Photo Lake Kawaguchi, Japan by Steven Diaz on Unsplash
I like to believe that the people of the United States are intelligent, principled, truthful, generous, and faithful to the founding values of this country. That certainly is true for many individuals, particularly, those I call friend. And yet it was this country that dropped the atomic bomb on Hiroshima and Nagasaki, two cities in Japan. It was a new weapon, first successfully detonated on July 16, 1945, in a remote desert location in New Mexico.
The bombings of the two Japanese cities killed 90,000–146,000 people in Hiroshima and 39,000–80,000 people in Nagasaki; it is estimated that roughly half of the deaths in each city occurred on the first day, but many suffered over 4 months before dying. Thousands of people were made homeless and there was concern about cancer rates and genetic anomalies post radiation exposure.
Viewing these bombings through the lens of 1945 within a World at War on two fronts, cautions one to avoid second-guessing the choices of that time without research and study. Certainly, it was a dark time in human history. Statistics indicate that there were 416,800 US military deaths in that war. Yet amazingly, we did not learn from that horrific experience and still today we continue to think of war as a possible and often necessary way to solve problems.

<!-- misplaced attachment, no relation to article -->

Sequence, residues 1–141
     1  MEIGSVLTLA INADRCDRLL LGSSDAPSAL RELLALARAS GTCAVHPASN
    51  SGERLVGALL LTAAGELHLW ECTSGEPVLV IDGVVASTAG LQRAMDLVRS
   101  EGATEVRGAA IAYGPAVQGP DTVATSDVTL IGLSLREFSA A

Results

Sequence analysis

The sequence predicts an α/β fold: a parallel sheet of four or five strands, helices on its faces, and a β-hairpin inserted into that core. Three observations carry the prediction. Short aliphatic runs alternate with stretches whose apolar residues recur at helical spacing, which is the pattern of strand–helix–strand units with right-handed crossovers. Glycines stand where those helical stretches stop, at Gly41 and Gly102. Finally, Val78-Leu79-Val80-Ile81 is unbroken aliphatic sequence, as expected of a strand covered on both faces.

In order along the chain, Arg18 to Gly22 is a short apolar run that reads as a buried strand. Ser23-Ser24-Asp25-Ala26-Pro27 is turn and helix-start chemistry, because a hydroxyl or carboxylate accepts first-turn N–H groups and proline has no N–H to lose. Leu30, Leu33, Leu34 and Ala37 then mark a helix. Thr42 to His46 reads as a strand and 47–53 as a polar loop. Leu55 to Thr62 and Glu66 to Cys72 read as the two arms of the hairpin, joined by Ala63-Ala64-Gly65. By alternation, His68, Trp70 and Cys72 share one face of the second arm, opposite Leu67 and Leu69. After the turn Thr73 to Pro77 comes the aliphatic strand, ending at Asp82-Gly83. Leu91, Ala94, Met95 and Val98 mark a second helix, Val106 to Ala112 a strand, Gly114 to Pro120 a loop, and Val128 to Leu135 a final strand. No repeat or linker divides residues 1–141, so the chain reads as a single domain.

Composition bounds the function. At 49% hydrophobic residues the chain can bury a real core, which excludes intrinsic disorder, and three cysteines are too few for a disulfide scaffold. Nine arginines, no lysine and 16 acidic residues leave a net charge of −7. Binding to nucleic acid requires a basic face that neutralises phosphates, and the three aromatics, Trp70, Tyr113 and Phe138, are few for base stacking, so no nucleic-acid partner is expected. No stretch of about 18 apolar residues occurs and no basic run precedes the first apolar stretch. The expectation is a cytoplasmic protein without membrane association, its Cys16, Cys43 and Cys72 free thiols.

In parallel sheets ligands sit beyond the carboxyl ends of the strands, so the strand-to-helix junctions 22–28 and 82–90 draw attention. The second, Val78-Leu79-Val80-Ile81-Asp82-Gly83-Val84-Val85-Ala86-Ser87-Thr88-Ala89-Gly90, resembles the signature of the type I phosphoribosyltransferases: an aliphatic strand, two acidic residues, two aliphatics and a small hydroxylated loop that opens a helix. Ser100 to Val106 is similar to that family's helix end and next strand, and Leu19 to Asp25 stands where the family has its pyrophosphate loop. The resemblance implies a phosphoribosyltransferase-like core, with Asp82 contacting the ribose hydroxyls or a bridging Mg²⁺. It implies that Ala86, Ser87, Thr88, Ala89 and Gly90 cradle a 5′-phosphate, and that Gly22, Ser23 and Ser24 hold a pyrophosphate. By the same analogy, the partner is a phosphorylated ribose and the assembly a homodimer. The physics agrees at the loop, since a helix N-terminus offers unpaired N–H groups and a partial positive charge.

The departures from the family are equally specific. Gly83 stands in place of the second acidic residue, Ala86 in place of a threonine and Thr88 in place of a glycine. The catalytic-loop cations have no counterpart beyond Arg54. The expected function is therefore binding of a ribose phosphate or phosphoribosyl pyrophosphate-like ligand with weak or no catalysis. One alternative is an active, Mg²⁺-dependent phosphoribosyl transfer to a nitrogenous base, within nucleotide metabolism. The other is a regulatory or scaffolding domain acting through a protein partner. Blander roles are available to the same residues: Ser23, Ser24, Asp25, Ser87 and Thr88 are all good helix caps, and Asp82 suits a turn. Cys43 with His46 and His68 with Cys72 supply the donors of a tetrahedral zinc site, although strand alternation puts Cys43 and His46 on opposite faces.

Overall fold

Perhaps, it is time to examine the underlying assumptions that prevent us from learning from tragedies; such as, World War 2 and the use of the atomic bomb. One erroneous assumption is to believe that violence prevents further violence. We seem to ignore the reality that people traumatized by violence often become violent. We act as though violence is the normal outcome of anger, diversity, and/or disagreement. We gloat about military might as though it is the measure of who we are as a people.
Another erroneous assumption is the subconscious belief that we are not global citizens. We believe that our country is biggest and best and must remain that at the expense of other countries. Somehow, we forget that what we do in the world at large has consequences for everyone, including us. Our corporations may damage earth with little concern for the effect on air, water, land, and other people, particularly the poor. Our tariffs may lead to a shift in trade which damages rainforests and crops of neighboring countries. We behave as though we are alone except when we want to use earth’s resources found elsewhere. We fear that sharing will lead to reduction and risk.
Another assumption is that we equate power with worth. We fail to value negotiation, relationship, diversity, kindness as a nation. Unless we are acknowledged as “better than” we become threatened and fail to work for peace and global well-being. It is too easy for us to describe the qualities of surrender and vulnerability using the criteria of winning and losing.
In our documents as a people, we say that we value liberty, equality, freedom and we assert a national and celebrated openness to immigrants, dreamers, refugees. We talk of the “American Dream” as available to anyone who comes to our shores. Clearly, it is time to remind ourselves of who we want to be. Let’s allow the anniversaries of these bombings refuel our desire to be people of hope. Let us resolve to become peacemakers. Let us become leaders in caring for earth, in helping the poor, in honoring diversity, in being good members of a global family – let that be the true “American Dream”.
Karen Rossman, OP